• $\begingroup$ During Slow Flight, your pitch is nose up. You can ascend, descend, remain at constant altitude, or turn. Below a certain speed threshold and under a certain power setting, altitude is controlled by power. Airspeed is controlled by pitch. “Pitch for airspeed. Power for altitude.” is a pilot mantra when flying on the backside of the power curve. On the front side, changing pitch to a nose up attitude will make the aircraft climb. The relative wind will even eventually align itself with the airfoil chord line, given enough airspeed and/or power. But, you will rapidly begin to lose airspeed. $\endgroup$ – Dean F. Aug 23 at 14:30
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S.M. Nawab, your question demonstrates an intuitive understanding of “relative wind” which is something that many others don’t always get right away. So, your root question is:

“why in normal planes do we have to think about straight coming relative wind and accordingly the angle of attack against it?”

The short answer is that we DON’T have to think about it that way. If you understand relative wind you already have a leg up on understanding that a stall can happen at any airspeed and attitude relative to the horizon.

The reason that relative wind is depicted as horizontal in most instructional diagrams is because “normal planes” spend most of their time in straight and level flight. This makes it easier to teach the concept of Angle of Attack to beginning students.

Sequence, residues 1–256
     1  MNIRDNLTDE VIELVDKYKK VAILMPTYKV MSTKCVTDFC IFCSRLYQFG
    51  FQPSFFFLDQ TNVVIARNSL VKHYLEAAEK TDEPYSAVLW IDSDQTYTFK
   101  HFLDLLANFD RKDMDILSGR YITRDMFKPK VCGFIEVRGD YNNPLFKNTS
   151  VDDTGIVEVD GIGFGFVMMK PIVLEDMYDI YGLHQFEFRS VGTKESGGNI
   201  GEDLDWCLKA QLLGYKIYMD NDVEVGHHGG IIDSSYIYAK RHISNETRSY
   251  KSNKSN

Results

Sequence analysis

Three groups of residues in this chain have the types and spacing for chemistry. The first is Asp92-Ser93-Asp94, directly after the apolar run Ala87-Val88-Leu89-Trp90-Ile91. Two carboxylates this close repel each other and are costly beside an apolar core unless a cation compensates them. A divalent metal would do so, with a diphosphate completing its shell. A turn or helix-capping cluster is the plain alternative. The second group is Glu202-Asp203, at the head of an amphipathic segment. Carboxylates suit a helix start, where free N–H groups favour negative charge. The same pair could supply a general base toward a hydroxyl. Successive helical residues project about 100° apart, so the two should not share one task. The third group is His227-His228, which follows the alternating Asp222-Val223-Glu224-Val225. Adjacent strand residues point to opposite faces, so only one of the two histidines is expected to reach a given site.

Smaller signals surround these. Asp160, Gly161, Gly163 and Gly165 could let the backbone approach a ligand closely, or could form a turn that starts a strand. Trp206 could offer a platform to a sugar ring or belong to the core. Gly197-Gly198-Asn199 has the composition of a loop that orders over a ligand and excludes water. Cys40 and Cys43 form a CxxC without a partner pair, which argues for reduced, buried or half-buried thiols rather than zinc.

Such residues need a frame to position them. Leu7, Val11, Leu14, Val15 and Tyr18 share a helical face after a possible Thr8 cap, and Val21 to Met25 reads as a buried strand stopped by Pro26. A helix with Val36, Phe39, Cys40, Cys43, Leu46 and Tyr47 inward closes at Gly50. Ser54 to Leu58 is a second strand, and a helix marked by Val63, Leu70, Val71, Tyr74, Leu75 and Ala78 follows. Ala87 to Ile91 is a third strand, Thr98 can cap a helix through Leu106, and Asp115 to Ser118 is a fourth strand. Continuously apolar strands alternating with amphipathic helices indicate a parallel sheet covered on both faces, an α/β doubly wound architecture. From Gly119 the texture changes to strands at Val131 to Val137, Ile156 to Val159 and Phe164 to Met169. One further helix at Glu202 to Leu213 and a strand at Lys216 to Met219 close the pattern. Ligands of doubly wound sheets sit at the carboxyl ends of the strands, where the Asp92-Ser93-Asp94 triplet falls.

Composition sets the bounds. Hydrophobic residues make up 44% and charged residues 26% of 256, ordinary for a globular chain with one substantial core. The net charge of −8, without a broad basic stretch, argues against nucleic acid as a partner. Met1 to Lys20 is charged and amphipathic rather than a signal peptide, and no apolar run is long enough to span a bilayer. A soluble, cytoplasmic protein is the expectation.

By the time you get to the point where you might need to worry about stalling at 3Gs while inverted at the top of a loop you should have this basic concept mastered!

ADDENDUM:

Don’t take this the wrong way, but I think you have allowed your intermediate level comprehension of relative wind in high performance aircraft and unusual attitudes get in the way of understanding a beginner level illustration. There is more than enough material here and in the other answers to put you on the right path to understanding, but I just have a couple pointers that my help you out in the future:

  1. Always make sure you understand the learning objective of whatever picture, graph or chart you are looking at. Read all accompanying text related to the picture! Context is very important. This very standard illustration is showing how increasing AOA leads to airflow separation and eventually a stall. It would not accomplish that point if you made an unfounded assumption that the aircraft was adding power and pitching up to climb.